Mary Walker, the owner of Weaving in Beauty, in downtown Gallup, became interested in Navajo blankets and rugs decades ago while working for FedMart, a line of discount stores with locations across the Navajo Nation. During a visit to its Window Rock, Arizona, store, she began watching friends weave.
“People were really nice about the whole thing: ‘That poor little white girl, we ought to teach her how to weave,’” she remembers. That introduction turned into a lifelong passion for the classic art form, which eventually led to her teaming with friend and Diné weaver Jennie Slick to teach weaving classes throughout the country.
In 2017, Walker’s classes found a brick-and-mortar home in Gallup, on the western edge of New Mexico, halfway between Flagstaff and Albuquerque. She repairs and washes rugs and sells a handful of unique rugs, wool and other weaving materials, and books on the art. Some of the shop’s students are Diné (the Navajo tribe’s name for its members), but many students aren’t. A group of university professors, for example, has made classes at the shop part of an annual retreat before returning to teaching each fall. And during the COVID-19 pandemic, Walker took her classes online via Zoom, bringing Diné weavers into students’ homes.
Many are surprised at how tough the task is. “When I was learning, one of my teachers told me, ‘It’s difficult. There is no easy way,’” Walker says. “She was right. You really have to work at it.” That perhaps gives students and visitors a greater appreciation for the rooms piled high with rugs in trading posts across Gallup, which sits near the southeastern edge of the vast Navajo Nation.
Weaving in Beauty is among Gallup’s many downtown shops and organizations helping to make the district more interactive, lively, and walkable. In addition to a bounty of historic trading posts that feature fine Navajo and Zuni weavings, jewelry, pottery, and saddles, the new and not-so-newcomers include Flux Tufa Works, where silversmith Jude Candelaria offers demonstrations, Art123 Gallery and learning space, LOOM Indigenous Art Gallery,which mounts entirely indigenous art installations next to the historic El Morro theatre. You will also find Makeshift Gallery, an artist-run cooperative where visitors can meet the creatives and Thunderbird Gallery, which showcases high end photography, custom leather works, and more.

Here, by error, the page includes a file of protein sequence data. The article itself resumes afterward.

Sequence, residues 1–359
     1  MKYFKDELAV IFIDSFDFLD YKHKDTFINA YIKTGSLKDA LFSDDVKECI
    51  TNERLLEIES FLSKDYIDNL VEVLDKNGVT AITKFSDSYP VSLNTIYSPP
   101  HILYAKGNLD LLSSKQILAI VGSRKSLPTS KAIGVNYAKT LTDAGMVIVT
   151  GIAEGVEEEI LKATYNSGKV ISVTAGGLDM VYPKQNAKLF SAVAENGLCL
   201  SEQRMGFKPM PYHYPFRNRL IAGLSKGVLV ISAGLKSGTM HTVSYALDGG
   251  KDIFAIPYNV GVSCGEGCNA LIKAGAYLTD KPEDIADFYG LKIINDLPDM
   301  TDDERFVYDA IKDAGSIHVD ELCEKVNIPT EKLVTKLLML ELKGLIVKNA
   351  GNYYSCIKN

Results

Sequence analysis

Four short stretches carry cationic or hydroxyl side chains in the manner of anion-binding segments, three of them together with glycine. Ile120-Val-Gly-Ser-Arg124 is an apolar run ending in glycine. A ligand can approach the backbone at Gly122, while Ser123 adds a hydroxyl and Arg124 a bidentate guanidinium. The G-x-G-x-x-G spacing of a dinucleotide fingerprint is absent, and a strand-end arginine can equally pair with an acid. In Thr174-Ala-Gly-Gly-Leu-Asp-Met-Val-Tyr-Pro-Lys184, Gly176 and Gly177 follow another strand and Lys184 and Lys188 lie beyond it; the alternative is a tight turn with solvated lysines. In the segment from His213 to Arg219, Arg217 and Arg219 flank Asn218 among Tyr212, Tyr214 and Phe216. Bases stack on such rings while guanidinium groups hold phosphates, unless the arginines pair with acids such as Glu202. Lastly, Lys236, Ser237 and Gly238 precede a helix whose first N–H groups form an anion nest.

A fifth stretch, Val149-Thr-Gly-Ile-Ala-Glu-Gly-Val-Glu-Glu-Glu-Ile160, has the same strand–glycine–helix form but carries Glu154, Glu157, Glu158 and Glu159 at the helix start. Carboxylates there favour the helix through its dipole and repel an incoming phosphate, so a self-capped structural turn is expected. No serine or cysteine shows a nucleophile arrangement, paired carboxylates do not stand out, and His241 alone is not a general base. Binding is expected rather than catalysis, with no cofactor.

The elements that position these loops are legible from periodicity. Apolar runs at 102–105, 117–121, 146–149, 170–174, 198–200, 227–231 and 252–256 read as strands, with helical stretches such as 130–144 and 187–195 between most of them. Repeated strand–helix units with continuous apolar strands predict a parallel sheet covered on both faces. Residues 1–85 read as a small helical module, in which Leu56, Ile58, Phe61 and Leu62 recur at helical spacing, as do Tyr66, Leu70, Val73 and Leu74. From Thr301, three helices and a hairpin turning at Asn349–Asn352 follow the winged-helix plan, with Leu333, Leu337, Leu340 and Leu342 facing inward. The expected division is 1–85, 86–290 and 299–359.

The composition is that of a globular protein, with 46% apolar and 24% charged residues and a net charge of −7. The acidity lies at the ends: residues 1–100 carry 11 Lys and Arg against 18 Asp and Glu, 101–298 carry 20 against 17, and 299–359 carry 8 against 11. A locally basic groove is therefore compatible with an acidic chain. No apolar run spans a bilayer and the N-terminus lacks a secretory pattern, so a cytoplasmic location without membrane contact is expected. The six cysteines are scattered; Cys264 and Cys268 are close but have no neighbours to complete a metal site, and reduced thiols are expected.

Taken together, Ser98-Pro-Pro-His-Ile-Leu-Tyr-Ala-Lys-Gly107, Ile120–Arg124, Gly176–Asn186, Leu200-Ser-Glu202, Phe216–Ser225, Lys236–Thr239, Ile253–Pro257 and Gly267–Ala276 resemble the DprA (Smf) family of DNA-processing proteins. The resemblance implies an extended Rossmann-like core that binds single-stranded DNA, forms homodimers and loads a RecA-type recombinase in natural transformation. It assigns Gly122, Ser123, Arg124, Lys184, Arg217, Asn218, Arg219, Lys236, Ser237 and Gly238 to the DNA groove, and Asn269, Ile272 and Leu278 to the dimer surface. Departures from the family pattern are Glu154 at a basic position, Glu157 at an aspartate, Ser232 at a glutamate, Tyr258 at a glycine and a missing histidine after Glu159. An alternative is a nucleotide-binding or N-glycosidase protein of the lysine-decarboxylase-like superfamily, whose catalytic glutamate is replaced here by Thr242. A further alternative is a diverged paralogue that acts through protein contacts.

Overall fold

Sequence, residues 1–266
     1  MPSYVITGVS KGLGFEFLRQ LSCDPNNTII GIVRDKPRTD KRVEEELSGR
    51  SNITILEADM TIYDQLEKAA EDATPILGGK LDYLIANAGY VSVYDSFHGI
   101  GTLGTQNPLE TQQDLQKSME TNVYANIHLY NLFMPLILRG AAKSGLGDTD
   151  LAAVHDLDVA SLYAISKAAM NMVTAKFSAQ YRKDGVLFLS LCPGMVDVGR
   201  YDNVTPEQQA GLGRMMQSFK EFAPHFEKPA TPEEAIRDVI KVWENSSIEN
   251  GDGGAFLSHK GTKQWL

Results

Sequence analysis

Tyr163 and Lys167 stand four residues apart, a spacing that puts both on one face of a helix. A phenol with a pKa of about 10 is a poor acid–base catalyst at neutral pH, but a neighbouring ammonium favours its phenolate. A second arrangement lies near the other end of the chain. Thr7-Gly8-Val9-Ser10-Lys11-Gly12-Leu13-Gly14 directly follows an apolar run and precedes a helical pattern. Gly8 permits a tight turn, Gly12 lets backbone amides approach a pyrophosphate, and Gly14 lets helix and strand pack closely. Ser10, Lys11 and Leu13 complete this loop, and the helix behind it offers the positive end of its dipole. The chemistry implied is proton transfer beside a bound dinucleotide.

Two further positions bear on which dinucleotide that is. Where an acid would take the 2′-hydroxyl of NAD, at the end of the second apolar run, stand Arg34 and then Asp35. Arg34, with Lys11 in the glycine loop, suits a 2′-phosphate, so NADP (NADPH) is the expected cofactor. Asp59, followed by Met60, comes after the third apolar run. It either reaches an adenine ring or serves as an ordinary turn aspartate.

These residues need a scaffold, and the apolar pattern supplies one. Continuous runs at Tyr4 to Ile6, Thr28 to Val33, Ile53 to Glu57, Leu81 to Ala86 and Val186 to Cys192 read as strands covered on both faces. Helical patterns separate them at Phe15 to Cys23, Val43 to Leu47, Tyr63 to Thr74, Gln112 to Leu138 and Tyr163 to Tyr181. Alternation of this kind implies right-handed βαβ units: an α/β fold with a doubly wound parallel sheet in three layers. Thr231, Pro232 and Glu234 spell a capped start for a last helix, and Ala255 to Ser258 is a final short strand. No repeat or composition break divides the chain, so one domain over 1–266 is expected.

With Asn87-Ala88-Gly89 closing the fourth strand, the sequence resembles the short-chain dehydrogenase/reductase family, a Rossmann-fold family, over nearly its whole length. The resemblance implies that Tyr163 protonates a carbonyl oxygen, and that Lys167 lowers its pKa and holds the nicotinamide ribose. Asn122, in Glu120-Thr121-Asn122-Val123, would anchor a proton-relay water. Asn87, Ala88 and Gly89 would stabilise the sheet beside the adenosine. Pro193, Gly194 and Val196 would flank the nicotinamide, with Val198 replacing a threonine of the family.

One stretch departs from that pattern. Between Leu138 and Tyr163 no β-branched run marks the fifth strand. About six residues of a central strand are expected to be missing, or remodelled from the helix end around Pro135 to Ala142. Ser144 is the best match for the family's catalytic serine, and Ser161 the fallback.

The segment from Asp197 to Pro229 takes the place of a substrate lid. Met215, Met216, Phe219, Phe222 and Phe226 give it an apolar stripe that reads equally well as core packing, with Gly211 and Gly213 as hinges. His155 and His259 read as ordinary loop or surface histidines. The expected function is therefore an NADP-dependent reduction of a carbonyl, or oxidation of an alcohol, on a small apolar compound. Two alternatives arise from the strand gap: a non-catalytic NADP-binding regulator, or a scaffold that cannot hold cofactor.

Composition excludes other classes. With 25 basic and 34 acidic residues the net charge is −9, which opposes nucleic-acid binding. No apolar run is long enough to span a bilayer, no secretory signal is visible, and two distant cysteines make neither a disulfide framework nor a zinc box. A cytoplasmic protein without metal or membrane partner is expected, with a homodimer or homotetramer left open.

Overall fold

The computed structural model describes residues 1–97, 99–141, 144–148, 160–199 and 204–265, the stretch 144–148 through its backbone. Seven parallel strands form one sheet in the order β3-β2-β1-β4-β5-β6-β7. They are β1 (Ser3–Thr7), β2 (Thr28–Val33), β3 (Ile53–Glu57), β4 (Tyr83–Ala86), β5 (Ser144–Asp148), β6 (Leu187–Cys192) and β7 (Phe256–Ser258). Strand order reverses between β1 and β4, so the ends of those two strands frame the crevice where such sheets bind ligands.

A revitalization project will bring even more zing to Coal Avenue, one of Gallup’s main thoroughfares, running parallel to Historic Route 66. The Gallup MainStreet Arts & Cultural District is leading the charge for Coal Avenue Commons construction and fundraising. When complete, the two-block area will have a streetscape befitting northwestern New Mexico: a concha belt, when seen from above. The project will create wider sidewalks and a common area that easily transforms into event space, particularly during the city’s popular monthly ArtsCrawl, a closed-to-traffic street party when studios typically launch new shows and stay open late for browsing. The first block of the project is slated for completion in May 2021.
“We’re a rural, historic downtown. We get missed off Interstate-40 quite easily by visitors,” says Kara Smith, director of Gallup Mainstreet. “I hope this project brings a renewed sense of pride to downtown and a reinvigoration of the space—as well as creating a welcoming space to visitors and locals alike.”
Downtown Gallup doesn’t just house art galleries, it feels like an outdoor art gallery thanks to public murals along its avenues and alleyways—including three recent additions. In the winter of 2020, local painter Jerry Brown completed Resilience, which portrays three varieties of birds representing joy, truth, and good luck. In 2019–20, Marina Eskeets, who grew up in Gallup and is now based in Los Angeles, painted Everyone Moving Forward, which depicts two Diné girls herding sheep. In summer of 2020, acclaimed artist Chris Acevedo, resident of Gallup, utilized the architecture of the former Gallup Printing building to create four scenes depicting each season within a landscape of Gallup’s natural features. Growth symbolizes Gallup’s strength to get through rough times together as a community and to celebrate the diversity of the town.
“There’s a pride in the way of life here and a pride of place,” says Smith, who notes that Gallup is the only metropolitan area within a 100-mile radius. “There’s such diversity to this place, both to the people and in its evolution.”